Logging and notifications for Laravel console commands.
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README.md

Laravel Console Logger

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Logging and notifications for Laravel console commands.

Laravel Console Logger
5.1.* 5.1.*
5.2.* 5.2.*
5.3.* 5.3.*
5.4.* 5.4.*
5.5.* 5.5.*
5.6.* 5.6.*
5.7.* 5.7.*

Table of contents

Usage

  1. Install the package via Composer:

    composer require illuminated/console-logger
  2. Use Illuminated\Console\Loggable trait:

    use Illuminated\Console\Loggable;
    
    class ExampleCommand extends Command
    {
        use Loggable;
    
        public function handle()
        {
            $this->logInfo('Hello World!');
        }
    
        // ...
    }
  3. Now your command is loggable!

    [2016-05-11 17:19:21]: [INFO]: Command `App\Console\Commands\ExampleCommand` initialized.
    [2016-05-11 17:19:21]: [INFO]: Host: `MyHost.local` (`10.0.1.1`).
    [2016-05-11 17:19:21]: [INFO]: Database host: `MyHost.local`, port: `3306`, ip: ``.
    [2016-05-11 17:19:21]: [INFO]: Database date: `2016-05-11 17:19:21`.
    [2016-05-11 17:19:21]: [INFO]: Hello World!
    [2016-05-11 17:19:21]: [INFO]: Execution time: 0.009 sec.
    [2016-05-11 17:19:21]: [INFO]: Memory peak usage: 8 MB.
    

Methods

As soon as you're using Loggable trait, these PSR-3 methods are available for you:

  • logDebug
  • logInfo
  • logNotice
  • logWarning
  • logError
  • logCritical
  • logAlert
  • logEmergency

Each of them expects the message and optional context for additional data.

Channels

Channels are very simple. It's just the different ways to handle log messages.

File channel

File channel is nothing more than writing log messages into the file. It is the main channel, and it is always enabled.

Log file can be found at storage/logs/[command-name]/[date].log. Namespaced commands exploded into subfolders.

Command Logs
php artisan send-report storage/logs/send-report/[date].log
php artisan send:report storage/logs/send/report/[date].log

As you can see, each command has a separate folder for its logs. Also, you get configured log files rotation out of the box. By default, only latest thirty log files are stored. However, you can override this behavior as you wish:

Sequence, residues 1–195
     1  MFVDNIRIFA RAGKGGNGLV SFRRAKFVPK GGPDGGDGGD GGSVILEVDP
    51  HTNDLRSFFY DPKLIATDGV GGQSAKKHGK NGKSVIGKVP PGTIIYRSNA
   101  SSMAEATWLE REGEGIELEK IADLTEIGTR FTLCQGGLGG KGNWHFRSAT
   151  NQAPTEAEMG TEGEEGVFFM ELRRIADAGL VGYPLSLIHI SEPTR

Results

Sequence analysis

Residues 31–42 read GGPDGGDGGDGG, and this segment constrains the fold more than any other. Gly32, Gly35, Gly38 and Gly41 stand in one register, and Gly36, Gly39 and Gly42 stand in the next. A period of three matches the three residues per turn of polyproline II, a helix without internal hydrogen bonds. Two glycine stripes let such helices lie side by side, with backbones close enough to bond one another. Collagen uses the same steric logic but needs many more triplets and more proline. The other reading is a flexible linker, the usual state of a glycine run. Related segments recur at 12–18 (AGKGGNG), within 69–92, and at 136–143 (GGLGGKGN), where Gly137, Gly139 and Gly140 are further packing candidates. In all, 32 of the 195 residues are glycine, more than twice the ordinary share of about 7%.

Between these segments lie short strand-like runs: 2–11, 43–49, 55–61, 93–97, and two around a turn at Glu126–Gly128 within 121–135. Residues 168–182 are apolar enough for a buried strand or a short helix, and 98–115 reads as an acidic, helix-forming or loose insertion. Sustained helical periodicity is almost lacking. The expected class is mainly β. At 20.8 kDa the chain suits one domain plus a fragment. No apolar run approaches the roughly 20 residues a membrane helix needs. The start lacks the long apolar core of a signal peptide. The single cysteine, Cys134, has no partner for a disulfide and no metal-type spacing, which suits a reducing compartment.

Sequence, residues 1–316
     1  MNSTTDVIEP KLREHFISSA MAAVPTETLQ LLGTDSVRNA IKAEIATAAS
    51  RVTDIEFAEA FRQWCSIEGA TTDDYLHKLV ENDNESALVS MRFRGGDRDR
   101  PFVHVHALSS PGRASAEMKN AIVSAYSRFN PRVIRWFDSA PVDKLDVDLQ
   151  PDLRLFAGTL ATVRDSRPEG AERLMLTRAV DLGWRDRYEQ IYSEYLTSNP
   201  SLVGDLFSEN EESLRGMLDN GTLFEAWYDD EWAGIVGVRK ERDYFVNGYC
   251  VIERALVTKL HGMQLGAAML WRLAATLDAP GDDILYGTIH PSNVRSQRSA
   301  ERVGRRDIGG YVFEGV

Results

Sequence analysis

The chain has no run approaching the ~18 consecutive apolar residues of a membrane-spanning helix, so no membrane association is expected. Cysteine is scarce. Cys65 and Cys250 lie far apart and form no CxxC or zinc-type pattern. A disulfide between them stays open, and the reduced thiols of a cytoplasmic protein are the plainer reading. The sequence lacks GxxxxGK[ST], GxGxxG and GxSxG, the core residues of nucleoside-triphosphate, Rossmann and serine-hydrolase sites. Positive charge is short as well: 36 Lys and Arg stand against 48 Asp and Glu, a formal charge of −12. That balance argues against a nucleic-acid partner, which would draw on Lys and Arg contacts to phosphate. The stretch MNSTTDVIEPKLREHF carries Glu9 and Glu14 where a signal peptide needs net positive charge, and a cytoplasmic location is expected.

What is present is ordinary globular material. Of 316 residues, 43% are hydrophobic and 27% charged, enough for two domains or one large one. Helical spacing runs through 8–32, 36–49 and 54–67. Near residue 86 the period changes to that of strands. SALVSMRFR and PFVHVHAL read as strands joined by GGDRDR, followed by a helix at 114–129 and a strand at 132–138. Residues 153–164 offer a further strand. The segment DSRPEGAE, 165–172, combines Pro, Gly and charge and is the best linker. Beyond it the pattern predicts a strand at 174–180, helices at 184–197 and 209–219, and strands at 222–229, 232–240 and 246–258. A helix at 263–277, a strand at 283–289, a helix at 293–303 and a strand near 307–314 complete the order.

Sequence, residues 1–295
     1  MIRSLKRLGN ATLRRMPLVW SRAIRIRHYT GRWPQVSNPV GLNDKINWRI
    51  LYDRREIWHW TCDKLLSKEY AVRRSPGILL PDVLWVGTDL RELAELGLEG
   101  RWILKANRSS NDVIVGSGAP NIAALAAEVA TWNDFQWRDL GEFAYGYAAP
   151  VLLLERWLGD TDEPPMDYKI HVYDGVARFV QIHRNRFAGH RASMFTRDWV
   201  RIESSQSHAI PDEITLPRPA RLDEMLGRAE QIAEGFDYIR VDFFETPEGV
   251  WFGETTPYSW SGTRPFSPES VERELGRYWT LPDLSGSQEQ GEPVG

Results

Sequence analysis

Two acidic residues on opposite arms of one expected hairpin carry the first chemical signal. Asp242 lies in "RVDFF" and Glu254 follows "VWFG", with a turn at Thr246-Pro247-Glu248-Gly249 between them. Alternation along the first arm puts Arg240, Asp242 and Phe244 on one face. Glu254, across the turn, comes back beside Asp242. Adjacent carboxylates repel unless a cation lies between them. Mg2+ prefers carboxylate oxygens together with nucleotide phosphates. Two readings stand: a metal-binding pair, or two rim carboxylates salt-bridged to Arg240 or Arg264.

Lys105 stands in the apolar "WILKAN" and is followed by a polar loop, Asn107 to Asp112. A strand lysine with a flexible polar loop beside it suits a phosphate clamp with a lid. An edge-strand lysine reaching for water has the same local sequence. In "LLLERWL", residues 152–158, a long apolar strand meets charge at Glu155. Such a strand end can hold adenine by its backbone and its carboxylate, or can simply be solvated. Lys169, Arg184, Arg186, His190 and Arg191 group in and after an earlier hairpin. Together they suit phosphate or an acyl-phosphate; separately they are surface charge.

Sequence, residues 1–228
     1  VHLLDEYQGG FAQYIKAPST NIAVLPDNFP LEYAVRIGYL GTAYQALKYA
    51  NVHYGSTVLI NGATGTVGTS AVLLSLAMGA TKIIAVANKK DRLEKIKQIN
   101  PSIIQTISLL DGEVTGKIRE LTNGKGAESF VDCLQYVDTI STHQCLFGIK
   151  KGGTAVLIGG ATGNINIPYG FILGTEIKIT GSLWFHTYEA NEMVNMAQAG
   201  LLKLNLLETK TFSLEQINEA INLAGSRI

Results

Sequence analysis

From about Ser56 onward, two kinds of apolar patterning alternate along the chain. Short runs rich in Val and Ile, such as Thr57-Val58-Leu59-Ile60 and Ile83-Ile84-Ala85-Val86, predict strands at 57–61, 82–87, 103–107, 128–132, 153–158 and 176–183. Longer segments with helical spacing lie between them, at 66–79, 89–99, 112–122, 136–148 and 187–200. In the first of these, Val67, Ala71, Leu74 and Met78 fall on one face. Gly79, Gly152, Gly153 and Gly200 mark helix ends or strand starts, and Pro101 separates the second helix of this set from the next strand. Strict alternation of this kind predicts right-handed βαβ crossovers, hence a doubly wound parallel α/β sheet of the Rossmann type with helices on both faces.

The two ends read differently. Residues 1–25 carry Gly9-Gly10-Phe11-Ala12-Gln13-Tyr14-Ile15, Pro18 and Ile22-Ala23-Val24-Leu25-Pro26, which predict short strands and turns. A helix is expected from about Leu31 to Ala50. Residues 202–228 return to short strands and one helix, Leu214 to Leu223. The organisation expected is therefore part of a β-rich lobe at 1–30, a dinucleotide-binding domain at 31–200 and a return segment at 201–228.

class ExampleCommand extends Command
{
    use Loggable;

    protected function getLogPath()
    {
        return storage_path('logs/custom-folder/date.log');
    }

    protected function getLogMaxFiles()
    {
        return 45;
    }

    // ...
}

Notification channels

Want to be notified if some error occurred? Meet notifications!

Notification channels are optional and disabled by default. Each of them can be enabled and configured as needed. By default, you'll get notifications of each level which is higher than NOTICE (see PSR-3 log levels). It means that you'll get notifications about each NOTICE, WARNING, ERROR, CRITICAL, ALERT and EMERGENCY, occurred while execution.

Of course, you can change this and other channel-specific aspects as you wish.

Email channel

Email channel provides notifications via email.

The only thing you have to do is specify recipients. Set recipients and email notifications are ready to go!

class ExampleCommand extends Command
{
    use Loggable;

    protected function getEmailNotificationsRecipients()
    {
        return [
            ['address' => 'john.doe@example.com', 'name' => 'John Doe'],
            ['address' => 'jane.smith@example.com', 'name' => 'Jane Smith'],
        ];
    }

    // ...
}

There is a bunch of methods specific to email channel. If you want to change email notifications level, or change the subject, or change the from address, or something else - override proper method as you wish. And you're done!

Another cool feature of email notifications is deduplication. Sometimes the same error can be produced many times. For example, you're using some external web service which is down. Or imagine that database server goes down. You'll get a lot of similar emails in those cases. Email notifications deduplication is the solution for these scenarios.

Disabled by default, it can be enabled and also adjusted the time in seconds, for which deduplication works.

class ExampleCommand extends Command
{
    use Loggable;

    protected function useEmailNotificationsDeduplication()
    {
        return true;
    }

    protected function getEmailNotificationsDeduplicationTime()
    {
        return 90;
    }

    // ...
}

Database channel

Database channel provides saving of notifications into the database.

Disabled by default, it can be easily enabled by the proper method.

class ExampleCommand extends Command
{
    use Loggable;

    protected function useDatabaseNotifications()
    {
        return true;
    }

    // ...
}

By default, you will get iclogger_notifications table, which would be created automatically, if it doesn't exist yet. Of course, you can change the table name or even the logic of notification saving by overriding proper methods. It can be useful if you want to add some custom fields to the notifications table. Here is the basic example of what it may look like:

class ExampleCommand extends Command
{
    use Loggable;

    protected function useDatabaseNotifications()
    {
        return true;
    }

    protected function getDatabaseNotificationsTable()
    {
        return 'custom_notifications';
    }

    protected function getDatabaseNotificationsCallback()
    {
        return function (array $record) {
            CustomNotification::create([
                'level' => $record['level'],
                'level_name' => $record['level_name'],